For older patients with end-stage renal disease (ESRD), the results of kidney transplants from "expanded criteria non-beating-heart" donors are not good, according to a paper presented at the American Society of Nephrology's 40th Annual Meeting and Scientific Exposition in San Francisco.
Led by Dr. Jagbir Gill of University of California Los Angeles, the researchers analyzed the outcomes of nearly 31,000 patients aged 60 or older who received deceased-donor kidney transplants in the United States between 1995 and 2006. Data for the study came from the Organ Procurement and Transplantation Network/United Network for Organ Sharing (OPTN/UNOS). The researchers compared the results of transplants from different types of donors:
- About 75 of kidneys came from standard criteria donors (SCD)—younger donors, without medical problems, who were brain-dead at the time of donation.
- Another 22 percent of kidneys came from expanded criteria donors (ECD). These donors have certain characteristics—such as older age, high blood pressure, or slightly decreased kidney function—that make them less than ideal as organ donors. However, because of the chronic shortage of organs for transplantation, ECD kidneys are an increasingly important alternative.
- The remaining three percent of kidneys came from non-beating-heart donors—sometimes called donation after cardiac death donors.
These are donors who are not yet brain-dead but have no chance of survival. The kidneys are removed for transplantation within minutes after the heart stops beating.
The chances of survival—both for the transplanted kidney and for the recipient—were best for patients receiving kidneys from brain-dead SCD (younger, healthier) donors. Survival rates were nearly as good for transplants using kidneys from non-beating-heart SCD donors.
However, the outcomes were not good for transplants using kidneys from non-beating-heart ECD (older, less healthy) donors. In this group, the risk of graft loss (failure of the transplanted kidney) was 65 percent higher than for patients who received kidneys from brain-dead ECD donors.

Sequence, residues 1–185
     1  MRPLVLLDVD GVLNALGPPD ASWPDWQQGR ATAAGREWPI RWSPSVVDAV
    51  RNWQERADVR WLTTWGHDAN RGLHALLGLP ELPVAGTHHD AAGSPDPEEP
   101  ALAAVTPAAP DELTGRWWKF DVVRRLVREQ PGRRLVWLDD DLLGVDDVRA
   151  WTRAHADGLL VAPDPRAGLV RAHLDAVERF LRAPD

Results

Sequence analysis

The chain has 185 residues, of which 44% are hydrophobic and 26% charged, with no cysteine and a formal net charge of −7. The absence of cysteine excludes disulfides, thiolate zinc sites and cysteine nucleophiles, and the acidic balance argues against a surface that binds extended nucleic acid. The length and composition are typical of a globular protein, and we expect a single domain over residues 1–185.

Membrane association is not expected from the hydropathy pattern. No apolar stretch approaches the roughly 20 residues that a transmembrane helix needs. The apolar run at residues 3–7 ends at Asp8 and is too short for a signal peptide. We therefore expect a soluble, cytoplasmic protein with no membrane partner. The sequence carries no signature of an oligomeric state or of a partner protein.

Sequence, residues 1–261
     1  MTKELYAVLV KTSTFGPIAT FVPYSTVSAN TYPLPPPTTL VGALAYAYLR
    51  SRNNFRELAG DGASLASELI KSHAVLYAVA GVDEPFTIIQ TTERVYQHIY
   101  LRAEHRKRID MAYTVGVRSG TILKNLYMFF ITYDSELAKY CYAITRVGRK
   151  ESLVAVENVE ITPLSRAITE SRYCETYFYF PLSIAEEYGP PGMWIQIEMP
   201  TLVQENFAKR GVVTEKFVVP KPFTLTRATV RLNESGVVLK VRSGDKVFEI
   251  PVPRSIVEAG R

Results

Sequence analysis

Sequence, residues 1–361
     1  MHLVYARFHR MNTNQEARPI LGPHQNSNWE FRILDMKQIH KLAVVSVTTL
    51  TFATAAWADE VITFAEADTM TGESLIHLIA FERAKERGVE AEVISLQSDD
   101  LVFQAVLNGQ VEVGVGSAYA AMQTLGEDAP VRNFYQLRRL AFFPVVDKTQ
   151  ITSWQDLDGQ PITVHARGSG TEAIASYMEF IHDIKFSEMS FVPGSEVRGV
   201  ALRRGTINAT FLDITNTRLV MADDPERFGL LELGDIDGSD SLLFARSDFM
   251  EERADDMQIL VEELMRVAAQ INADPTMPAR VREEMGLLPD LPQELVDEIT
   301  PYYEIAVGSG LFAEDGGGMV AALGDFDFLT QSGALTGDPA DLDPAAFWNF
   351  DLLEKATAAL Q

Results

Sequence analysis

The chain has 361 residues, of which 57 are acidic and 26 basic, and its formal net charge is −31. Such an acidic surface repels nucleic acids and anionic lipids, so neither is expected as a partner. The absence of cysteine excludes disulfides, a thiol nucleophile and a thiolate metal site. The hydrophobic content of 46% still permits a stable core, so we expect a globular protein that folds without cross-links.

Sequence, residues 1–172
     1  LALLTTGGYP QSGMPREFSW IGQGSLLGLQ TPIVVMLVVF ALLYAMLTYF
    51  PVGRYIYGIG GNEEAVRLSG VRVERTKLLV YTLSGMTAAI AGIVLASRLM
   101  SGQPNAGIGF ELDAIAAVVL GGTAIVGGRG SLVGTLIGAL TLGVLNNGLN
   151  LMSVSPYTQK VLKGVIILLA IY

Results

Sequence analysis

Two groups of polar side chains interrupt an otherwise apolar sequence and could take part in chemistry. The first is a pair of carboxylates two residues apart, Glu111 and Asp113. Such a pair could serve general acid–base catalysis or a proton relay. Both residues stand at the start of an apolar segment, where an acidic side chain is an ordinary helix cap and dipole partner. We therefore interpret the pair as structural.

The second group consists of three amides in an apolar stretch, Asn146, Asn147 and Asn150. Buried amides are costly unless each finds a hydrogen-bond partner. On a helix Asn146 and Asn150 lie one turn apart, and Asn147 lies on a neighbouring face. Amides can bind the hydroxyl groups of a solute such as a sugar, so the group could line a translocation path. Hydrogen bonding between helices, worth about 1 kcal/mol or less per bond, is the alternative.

The risk of death was nearly twice as high for patients receiving kidneys from non-beating-heart, ECD donors. For this group, death appeared to be a more important risk than graft loss.
The study was designed specifically to evaluate the results of non-beating-heart kidney transplants in older adults. "Kidney transplants from non-beating-heart donors are believed to have equivalent outcomes compared to transplants from brain-dead donors," Dr. Gill explains. "Elderly patients with ESRD are a rapidly growing group of patients with unique characteristics, and it is important to assess outcomes in this patient population."
The results raise concerns about the transplantation of "non-beating-heart" kidneys in older adults with ESRD—particularly from ECD donors. The study suggests that, in patients aged 60 or older, kidneys from non-beating-heart SCD donors provide good results—outcomes are similar to kidneys from brain-dead SCD donors. However, the results are not good for kidneys from non-beating-heart ECD donors. These organs "should be used with caution in elderly recipients," Dr. Gill and colleagues conclude.
The study, "Kidney Transplantation in the Elderly Recipient Using Deceased Donor after Cardiac Death Organs: An Analysis of OPTN/UNOS Data,", was presented at Kidney Transplant Outcomes: Epidemiology, Clinical Trials and Health Services Research on Sunday, November 4 at 4:12 PM in Room 2005 of the Moscone Center.